The Private Life of Nelson Mandela

Act 6: His personal and family life as told by his daughter and two grandchildren.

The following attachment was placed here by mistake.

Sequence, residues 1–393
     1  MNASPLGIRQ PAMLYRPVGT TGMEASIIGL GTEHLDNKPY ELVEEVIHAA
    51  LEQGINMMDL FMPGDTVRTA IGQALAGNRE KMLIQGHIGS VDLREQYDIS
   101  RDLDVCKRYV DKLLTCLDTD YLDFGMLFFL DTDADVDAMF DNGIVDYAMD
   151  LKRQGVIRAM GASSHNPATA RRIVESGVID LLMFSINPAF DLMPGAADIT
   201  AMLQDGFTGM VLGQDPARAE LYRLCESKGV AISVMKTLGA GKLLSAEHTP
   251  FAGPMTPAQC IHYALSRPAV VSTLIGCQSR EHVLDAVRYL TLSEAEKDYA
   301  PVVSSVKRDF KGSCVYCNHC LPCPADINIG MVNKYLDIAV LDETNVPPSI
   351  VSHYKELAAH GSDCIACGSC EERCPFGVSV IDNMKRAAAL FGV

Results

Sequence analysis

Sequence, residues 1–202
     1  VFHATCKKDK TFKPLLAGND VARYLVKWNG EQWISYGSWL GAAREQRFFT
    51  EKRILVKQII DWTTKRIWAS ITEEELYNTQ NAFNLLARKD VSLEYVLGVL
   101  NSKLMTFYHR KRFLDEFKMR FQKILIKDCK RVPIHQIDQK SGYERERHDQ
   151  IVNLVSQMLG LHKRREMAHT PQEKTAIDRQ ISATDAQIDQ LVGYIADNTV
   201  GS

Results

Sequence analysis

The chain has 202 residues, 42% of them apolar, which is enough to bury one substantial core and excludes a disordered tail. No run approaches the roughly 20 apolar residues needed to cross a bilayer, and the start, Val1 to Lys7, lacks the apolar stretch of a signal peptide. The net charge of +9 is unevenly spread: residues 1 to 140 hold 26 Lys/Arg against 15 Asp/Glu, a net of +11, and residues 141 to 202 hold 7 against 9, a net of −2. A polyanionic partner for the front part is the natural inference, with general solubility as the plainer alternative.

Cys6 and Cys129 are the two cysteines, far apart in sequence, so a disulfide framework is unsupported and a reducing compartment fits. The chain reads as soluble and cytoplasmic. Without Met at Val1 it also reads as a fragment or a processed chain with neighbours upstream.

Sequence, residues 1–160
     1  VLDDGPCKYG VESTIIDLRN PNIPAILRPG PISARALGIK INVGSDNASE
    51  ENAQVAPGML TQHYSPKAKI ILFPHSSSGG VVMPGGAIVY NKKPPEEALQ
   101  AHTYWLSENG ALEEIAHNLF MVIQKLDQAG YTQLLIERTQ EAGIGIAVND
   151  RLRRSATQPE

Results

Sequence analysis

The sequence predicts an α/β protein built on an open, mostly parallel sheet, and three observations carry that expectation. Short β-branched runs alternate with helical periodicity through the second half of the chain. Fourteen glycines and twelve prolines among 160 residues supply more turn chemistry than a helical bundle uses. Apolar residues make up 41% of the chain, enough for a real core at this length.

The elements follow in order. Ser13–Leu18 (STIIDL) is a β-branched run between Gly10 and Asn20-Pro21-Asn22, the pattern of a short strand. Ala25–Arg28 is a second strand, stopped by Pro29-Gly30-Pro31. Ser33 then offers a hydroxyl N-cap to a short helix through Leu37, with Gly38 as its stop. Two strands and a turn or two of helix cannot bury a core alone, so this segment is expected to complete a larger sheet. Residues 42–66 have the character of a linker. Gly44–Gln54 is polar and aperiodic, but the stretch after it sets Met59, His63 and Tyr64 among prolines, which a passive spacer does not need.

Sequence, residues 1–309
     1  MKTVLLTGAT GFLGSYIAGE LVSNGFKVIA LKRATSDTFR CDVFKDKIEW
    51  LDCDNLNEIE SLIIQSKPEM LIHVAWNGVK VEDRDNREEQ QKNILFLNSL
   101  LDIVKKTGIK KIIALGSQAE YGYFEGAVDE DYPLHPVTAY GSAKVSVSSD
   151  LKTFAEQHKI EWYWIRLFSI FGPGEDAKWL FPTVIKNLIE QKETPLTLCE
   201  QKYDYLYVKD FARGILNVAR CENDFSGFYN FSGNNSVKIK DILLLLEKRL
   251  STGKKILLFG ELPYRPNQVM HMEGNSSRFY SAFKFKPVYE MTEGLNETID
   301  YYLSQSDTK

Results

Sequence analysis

3:00 | 12/06/13

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Transcript for The Private Life of Nelson Mandela